This week’s post is a case study featuring a recent restoration job on the central coast of California and how Simpson Strong-Tie® hot-dipped galvanized screws proved to be a better option than traditional spikes.
A pier originally constructed in the 1800s was closed a few years ago as general deterioration caused the structure to become unsafe. As preparation for rebuilding the pier began, one of the major concerns was the attachment of the deck boards to the framing.
Traditionally, the deck boards have been attached with hot-dip galvanized 60d (0.283″ x 6″) spikes. However, spikes have a low withdrawal resistance, are typically predrilled and have a multi-step installation process. In addition, spikes, over time, can begin to back out so that the heads protrude above the top of the deck boards. This creates an unsafe condition for pedestrians and also results in ongoing maintenance work. Here you can see one of the old spikes.
Simpson Strong-Tie provided two options for replacing these spikes: the Strong-Drive® Timber-Hex HDG screw, SDWH27800G, and its stainless-steel counterpart, the Strong-Drive Timber-Hex SS screw, SDWH27800SS. The SDWH27800G screw measures 0.276″ x 8″ and has a hot-dip galvanized coating, conforming to ASTM A153 Class-C. The SDWH27800SS screw measures 0.276″ x 8″ and is made from Type 316 stainless steel. Both of these screws have integral washer, hex-drive heads and are self-drilling. They are not intended to be self-countersinking though, and as a result, installation with the heads below the deck surface requires a shallow dapped hole.
A comparison of the load values was provided to Shoreline Engineering, Inc. engineers Bruce S. Elster, P.E., and Jonathan T. Boynton, P.E., for their review and approval. In addition, Simpson Strong-Tie Fastening Systems/Dealer Sales Representative Darwin Waite expertly conducted on-site demonstrations for numerous decision makers including the contractor and city officials. These demonstrations allowed the contractor and owners to compare the labor costs and finished appearance of the different fastening methods.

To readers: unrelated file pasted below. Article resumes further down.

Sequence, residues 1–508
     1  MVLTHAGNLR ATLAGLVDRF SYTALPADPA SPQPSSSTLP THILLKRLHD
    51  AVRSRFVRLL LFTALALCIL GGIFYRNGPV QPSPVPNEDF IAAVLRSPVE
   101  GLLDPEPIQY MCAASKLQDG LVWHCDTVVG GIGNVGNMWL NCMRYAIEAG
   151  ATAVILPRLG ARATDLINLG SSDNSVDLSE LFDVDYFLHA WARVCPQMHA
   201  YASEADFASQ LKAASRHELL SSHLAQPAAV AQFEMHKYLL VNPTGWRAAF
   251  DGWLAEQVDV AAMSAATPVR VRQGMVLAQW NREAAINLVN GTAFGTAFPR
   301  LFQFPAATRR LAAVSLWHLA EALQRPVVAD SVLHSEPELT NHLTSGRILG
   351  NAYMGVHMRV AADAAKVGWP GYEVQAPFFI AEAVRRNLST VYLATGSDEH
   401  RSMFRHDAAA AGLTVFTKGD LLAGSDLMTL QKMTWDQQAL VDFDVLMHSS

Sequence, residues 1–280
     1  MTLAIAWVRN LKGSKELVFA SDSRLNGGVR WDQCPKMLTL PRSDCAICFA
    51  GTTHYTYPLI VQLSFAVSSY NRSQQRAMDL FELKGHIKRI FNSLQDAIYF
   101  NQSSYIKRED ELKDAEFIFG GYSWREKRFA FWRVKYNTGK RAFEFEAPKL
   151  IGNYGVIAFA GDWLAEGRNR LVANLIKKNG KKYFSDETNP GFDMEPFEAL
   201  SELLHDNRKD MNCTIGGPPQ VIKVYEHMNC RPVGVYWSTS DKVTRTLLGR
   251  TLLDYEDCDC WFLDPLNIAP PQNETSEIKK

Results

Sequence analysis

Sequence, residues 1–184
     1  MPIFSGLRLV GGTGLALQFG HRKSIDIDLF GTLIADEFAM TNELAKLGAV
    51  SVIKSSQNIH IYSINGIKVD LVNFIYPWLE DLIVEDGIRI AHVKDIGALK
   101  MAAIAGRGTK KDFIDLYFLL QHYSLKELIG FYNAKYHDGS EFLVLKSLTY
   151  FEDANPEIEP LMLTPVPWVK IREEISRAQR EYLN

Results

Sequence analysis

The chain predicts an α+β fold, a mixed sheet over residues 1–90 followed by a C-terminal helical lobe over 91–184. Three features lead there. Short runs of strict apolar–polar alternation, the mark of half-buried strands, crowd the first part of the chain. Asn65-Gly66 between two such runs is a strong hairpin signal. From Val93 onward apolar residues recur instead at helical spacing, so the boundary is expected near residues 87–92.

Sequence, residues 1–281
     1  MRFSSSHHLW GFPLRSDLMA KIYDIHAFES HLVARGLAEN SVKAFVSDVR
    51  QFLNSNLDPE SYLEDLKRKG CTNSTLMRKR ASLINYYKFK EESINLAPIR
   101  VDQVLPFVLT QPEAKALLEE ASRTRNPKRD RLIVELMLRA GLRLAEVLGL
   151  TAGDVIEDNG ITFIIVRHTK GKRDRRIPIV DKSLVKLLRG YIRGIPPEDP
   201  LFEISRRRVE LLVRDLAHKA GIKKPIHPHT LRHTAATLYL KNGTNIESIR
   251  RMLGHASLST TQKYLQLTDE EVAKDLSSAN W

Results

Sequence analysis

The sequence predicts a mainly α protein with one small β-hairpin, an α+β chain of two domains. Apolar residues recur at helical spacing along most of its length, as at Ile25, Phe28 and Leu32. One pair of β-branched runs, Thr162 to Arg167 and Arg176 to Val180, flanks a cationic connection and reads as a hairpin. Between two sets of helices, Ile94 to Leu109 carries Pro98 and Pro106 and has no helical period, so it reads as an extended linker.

Below is a comparison of the allowable load values* of the potential fasteners. We can see how each of the Simpson Strong-Tie screw options exceeds the spike load values in all load conditions.
*Not to be used for design purposes as footnotes have been left out of this blog post. Table values include wet service factor adjustments.
In the end, the SDWH27800SS stainless-steel screw was specified for the project.
Some might consider a 316 stainless steel screw to be cost prohibitive, but when you factor in the lower cost of installation, the lower maintenance requirements and the actual cost of the fastener, this screw turned out to be the lowest cost alternate. In addition, it provided better withdrawal and lateral load values than the spikes.
The Strong-Drive Timber-Hex SS screws made it possible to complete the deck restoration on time and on budget. Perhaps just as importantly, the pier looks beautiful and should last for many years to come.
Let us know if the comments below if you have any questions about specifying these fasteners for securing decks, docks, pilings and other heavy-duty, coastal applications.
As always, call our Engineering Department if you have any questions.
Have you used the SDWH27800SS screw for a project? Tell us about in the comments below.